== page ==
Who Put You In the Driver’s Seat?

The reason we left Scotland and started our nomadic life (of sorts) is because my late husband worked for an international car rental company whose tag line was”Let Hertz put you in the driver’s seat.”  Are you old enough to remember this?  Click here for an ad of the times.

Hertz ad

Hertz advertisement early 1960s

Because of this my family used the phrase ‘who put you in the driver’s seat?” when somebody was being bossy or trying to lay down the law.  Do you have phrases and comments peculiar to your family?

And when thinking of this it came to me that the men in our family Always want to be in the driver’s seat when driving the car.  When my husband was alive he always picked up the car keys when we were leaving the house – even if the keys were to my car.  Once he had his license my son assumed that he would drive us if his father were not around.

My son and son-in-law do the same thing still.  And this week, my grandson picked up my car keys.  But he didn’t get to drive as my car isn’t insured for anybody under 25.

I wondered whether this was a male thing generally or just peculiar to our family.

When I queried several friends they agreed that this was what happens in their families.  So why I have to ask myself.  And have no answer.

  • Do men think nobody else capable of driving?
  • Do they think we can’t find our way, with or without a map/satnav?
  • Does it give them a feeling of power?

Perhaps you have an answer.

“If everything comes your way
You are in the wrong lane”  Unknown.


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26 responses to “Who Put You In the Driver’s Seat?

  1. I always drive our car…I only let my husband drive if he is going somewhere without me OR in the case that I am feeling so bad that I can’t drive, which is pretty much NEVER. 🙂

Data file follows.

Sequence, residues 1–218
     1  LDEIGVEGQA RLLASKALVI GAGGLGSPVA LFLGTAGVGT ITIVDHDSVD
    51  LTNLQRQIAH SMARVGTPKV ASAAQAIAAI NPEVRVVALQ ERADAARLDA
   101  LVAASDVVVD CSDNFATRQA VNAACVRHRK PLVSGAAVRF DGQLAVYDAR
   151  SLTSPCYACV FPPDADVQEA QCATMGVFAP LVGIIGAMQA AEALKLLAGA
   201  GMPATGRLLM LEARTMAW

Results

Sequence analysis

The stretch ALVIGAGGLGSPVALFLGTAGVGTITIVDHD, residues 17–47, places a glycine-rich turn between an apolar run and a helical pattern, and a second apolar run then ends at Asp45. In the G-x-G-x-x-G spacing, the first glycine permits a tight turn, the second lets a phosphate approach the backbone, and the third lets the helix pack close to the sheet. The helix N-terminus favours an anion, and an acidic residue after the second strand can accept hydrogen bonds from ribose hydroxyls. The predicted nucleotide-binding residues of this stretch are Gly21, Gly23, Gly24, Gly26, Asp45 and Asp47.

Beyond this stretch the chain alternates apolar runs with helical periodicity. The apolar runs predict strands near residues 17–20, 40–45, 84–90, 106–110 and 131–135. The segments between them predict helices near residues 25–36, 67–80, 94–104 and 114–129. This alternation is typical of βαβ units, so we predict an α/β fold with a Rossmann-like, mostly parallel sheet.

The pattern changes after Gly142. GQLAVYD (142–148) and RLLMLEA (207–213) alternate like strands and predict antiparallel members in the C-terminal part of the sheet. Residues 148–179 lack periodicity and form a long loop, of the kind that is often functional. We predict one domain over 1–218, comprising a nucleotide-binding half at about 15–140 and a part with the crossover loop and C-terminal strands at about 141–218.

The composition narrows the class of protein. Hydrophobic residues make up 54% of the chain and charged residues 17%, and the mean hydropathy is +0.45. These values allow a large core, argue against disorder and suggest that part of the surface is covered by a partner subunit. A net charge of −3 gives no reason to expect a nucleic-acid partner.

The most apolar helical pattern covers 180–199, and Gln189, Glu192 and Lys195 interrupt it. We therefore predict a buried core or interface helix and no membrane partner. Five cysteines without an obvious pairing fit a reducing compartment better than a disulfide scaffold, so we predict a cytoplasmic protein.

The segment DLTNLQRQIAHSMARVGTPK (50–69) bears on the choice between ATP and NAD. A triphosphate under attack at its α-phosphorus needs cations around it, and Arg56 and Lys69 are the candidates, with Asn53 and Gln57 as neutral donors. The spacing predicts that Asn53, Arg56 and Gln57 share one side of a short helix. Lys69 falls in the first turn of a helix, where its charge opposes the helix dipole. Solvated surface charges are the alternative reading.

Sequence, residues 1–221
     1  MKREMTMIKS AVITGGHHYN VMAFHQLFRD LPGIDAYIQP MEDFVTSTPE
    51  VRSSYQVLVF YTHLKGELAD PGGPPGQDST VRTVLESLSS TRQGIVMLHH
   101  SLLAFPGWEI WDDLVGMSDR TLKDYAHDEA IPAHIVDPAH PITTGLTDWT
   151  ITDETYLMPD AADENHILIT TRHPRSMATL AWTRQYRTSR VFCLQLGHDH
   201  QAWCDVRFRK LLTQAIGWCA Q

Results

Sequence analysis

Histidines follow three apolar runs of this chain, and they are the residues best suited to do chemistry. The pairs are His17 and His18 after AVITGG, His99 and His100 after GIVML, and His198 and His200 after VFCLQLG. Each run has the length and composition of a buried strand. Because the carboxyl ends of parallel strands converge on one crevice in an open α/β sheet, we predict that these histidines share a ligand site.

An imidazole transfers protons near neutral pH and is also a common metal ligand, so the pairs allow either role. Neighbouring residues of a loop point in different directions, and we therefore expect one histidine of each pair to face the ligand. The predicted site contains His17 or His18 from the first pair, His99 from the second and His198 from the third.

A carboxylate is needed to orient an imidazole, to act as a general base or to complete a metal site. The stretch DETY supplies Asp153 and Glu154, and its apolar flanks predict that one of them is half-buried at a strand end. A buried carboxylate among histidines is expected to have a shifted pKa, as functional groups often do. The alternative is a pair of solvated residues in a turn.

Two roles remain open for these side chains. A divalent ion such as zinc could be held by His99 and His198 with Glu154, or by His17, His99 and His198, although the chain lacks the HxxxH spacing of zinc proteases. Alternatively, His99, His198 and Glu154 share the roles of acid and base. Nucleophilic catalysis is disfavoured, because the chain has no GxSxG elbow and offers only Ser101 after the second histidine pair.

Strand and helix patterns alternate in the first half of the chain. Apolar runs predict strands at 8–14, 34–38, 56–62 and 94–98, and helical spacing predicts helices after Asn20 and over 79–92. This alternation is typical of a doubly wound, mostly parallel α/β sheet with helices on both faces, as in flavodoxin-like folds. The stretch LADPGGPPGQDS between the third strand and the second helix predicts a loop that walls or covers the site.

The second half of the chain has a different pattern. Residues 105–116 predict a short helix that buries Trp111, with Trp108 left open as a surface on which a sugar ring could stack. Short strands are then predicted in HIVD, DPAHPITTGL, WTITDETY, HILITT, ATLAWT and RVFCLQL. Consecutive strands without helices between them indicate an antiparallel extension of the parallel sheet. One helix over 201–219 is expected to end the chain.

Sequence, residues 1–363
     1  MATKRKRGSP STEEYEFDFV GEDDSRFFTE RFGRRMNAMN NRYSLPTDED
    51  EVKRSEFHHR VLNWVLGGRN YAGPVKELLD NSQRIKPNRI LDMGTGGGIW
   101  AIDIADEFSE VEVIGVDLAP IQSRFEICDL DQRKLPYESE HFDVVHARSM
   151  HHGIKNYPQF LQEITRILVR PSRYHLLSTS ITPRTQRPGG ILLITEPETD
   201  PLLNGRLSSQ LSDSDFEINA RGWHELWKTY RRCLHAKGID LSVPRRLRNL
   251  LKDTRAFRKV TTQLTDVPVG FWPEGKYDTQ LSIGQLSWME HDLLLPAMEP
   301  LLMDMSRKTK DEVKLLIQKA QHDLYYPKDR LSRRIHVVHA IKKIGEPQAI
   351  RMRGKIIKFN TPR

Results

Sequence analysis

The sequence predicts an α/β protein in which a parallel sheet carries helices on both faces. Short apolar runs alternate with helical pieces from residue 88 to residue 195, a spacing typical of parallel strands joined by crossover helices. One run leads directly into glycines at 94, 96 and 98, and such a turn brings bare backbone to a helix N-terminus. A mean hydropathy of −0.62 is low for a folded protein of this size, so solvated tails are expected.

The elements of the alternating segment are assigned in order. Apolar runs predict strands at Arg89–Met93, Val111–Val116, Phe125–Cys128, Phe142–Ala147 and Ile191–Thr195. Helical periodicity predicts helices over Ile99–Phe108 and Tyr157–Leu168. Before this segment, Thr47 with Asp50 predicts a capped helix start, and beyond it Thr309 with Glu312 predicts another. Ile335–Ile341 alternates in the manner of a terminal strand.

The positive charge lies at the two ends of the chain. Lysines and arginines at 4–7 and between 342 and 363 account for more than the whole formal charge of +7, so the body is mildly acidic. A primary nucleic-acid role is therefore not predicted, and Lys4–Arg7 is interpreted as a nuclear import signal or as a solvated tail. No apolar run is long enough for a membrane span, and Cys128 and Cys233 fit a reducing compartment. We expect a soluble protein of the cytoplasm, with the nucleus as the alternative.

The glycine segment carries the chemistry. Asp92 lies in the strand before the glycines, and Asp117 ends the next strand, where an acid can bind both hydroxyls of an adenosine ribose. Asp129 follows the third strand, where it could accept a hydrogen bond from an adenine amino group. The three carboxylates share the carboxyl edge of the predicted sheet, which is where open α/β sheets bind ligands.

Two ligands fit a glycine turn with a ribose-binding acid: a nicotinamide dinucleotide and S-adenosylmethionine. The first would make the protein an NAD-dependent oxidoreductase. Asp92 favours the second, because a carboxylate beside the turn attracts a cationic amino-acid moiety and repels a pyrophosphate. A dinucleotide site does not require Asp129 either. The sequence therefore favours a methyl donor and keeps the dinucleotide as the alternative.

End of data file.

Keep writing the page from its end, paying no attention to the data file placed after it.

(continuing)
He willingly lets me drive, too….I LOVE to drive and he knows better than to refuse to let me!

  2. I can drive. But, I was spoiled by my employers who provided me with a chauffeur in 1973, and till I finally retired in 2002, I always had a paid driver to drive me around. I would drive only when I had to do some errand close by or when someone to drive me around was not available. Now, my son drives me around and if he is not around, I generally hire a temp for the duration of my need. I have no problems not being in the driving seat, literally and metaphorically.

    • I think it would be great to have a driver. Now that I do all the driving and have to find parking spots, etc I would really appreciate my husband or my son doing the driving.

  3. Ha, I think men being in the driver’s seat is very much like them wanting the remote control! I found it kind of funny this weekend when my youngest son and his girlfriend were visiting…he let her have control of the remote…I told her to enjoy it because it probably won’t last forever (I remember the struggles between him, his brother, and dad over it; needless to say, I almost never had it!)

  4. Maybe women just like to be chauffered around . . . because they have better things to think about than traffic? :lol::

  5. First a confession–I remember the ad.

    I don’t have an answer to your question but I know that in American society women drivers have been much-maligned all my life. I’m happy to say that among the younger people today this seems to be changing. My daughters and their spouses tend to share the driving equally for the most part. And I was discussing with friends last night how young fathers these days know how to change diapers and nurture children in a way that was almost nonexistent when my babies were born. Good changes for all concerned!